Washington University in St. Louis

The Patti Lab
Metabolomics to elucidate novel biochemical mechanisms of disease
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Credentialed Features: A Platform to Benchmark and Optimize Untargeted Metabolomic Methods

Mahieu NG, Huang X, Chen Y-J, and Patti GJ
Credentialed Features: A Platform to Benchmark and Optimize Untargeted Metabolomic Methods
Anal. Chem., 86(19), 9583-9589, 2014

Although the aim of untargeted metabolomics is to profile as many metabolites as possible, a major challenge is comparing experimental method performance on the basis of metabolome coverage. To date, most published approaches have compared experimental methods by counting the total number of features detected. Due to artifactual interference, however, this number is highly variable and therefore is a poor metric for comparing metabolomic methods. Here we introduce an alternative approach to benchmarking metabolome coverage which relies on mixed Escherichia coli extracts from cells cultured in regular and 13C-enriched media. After mass spectrometry-based metabolomic analysis of these extracts, we “credential” features arising from E. coli metabolites on the basis of isotope spacing and intensity. This credentialing platform enables us to accurately compare the number of non-artifactual features yielded by different experimental approaches. We highlight the value of our platform by re-optimizing a published untargeted metabolomic method for XCMS data processing. Compared to the published parameters, the new XCMS parameters decrease the total number of features by 15% (a reduction in noise features) while increasing the number of true metabolites detected and grouped by 20%. Our credentialing platform relies on easily generated E. coli samples and a simple software algorithm that is freely available on our laboratory website. We have validated the credentialing platform with reversed-phase and hydrophilic interaction liquid chromatography as well as Agilent, Thermo Scientific, AB SCIEX, and LECO mass spectrometers. Thus, the credentialing platform can readily be applied by any laboratory to optimize their untargeted metabolomic pipeline for metabolite extraction, chromatographic separation, mass spectrometric detection, and bioinformatic processing.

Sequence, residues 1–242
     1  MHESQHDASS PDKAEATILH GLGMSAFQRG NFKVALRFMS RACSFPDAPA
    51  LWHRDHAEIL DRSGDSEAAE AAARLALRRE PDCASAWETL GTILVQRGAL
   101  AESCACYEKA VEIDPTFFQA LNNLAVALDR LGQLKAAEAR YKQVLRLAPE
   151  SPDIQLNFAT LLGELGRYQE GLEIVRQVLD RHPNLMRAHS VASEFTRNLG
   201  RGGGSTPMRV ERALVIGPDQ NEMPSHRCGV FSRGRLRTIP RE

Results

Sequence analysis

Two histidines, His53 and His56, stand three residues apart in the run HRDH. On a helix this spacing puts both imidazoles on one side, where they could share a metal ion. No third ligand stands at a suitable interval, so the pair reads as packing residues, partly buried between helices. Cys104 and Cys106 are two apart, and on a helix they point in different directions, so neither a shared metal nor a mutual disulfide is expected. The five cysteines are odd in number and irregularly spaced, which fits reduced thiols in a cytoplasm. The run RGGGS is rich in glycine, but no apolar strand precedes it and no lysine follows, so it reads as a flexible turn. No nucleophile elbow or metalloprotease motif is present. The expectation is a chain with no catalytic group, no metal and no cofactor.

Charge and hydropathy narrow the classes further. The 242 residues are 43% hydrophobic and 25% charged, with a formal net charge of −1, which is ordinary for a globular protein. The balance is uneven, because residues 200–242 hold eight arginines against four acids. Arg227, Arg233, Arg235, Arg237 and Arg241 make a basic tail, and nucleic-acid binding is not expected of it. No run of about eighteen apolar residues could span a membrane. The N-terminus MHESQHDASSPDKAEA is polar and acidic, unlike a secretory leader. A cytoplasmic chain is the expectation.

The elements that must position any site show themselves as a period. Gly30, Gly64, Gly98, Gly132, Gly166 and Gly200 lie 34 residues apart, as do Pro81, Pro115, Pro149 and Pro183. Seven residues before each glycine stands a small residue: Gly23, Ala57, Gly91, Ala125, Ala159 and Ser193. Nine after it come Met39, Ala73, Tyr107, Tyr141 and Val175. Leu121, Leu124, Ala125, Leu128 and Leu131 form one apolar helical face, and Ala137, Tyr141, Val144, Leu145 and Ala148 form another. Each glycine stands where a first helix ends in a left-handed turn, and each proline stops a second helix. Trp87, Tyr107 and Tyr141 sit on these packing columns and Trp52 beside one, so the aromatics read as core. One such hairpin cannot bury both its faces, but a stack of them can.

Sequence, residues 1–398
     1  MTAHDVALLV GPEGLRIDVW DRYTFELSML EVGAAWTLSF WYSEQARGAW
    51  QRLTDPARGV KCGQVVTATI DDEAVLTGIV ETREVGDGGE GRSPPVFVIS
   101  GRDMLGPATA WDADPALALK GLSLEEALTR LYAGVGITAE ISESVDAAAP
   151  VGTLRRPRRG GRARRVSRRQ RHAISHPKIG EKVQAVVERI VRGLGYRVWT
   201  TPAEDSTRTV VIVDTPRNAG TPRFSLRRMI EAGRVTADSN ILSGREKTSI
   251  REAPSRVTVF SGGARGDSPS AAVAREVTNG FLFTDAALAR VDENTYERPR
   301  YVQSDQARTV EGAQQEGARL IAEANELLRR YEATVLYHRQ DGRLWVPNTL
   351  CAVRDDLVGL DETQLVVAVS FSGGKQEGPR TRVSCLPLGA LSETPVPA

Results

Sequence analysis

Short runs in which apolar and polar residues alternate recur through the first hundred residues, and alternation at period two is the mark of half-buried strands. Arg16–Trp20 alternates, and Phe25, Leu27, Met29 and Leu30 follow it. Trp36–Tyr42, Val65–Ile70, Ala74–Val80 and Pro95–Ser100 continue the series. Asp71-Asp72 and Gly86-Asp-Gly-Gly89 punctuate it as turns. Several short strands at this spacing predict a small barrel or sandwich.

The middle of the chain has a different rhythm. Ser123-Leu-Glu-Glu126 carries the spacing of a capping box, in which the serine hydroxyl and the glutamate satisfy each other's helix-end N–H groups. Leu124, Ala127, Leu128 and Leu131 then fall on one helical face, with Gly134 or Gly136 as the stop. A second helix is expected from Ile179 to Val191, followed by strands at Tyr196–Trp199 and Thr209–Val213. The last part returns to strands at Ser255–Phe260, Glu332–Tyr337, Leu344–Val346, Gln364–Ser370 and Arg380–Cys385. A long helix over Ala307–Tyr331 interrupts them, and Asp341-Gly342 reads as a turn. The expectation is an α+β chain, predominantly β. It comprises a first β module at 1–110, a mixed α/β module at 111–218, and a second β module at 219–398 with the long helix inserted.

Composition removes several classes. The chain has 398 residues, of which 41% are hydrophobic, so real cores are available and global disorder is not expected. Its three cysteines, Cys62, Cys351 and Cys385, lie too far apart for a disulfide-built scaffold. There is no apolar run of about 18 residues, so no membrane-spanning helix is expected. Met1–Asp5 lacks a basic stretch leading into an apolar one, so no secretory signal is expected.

Washington University, Departments of Chemistry, Genetics, and Medicine. Saint Louis, Missouri 63110 USA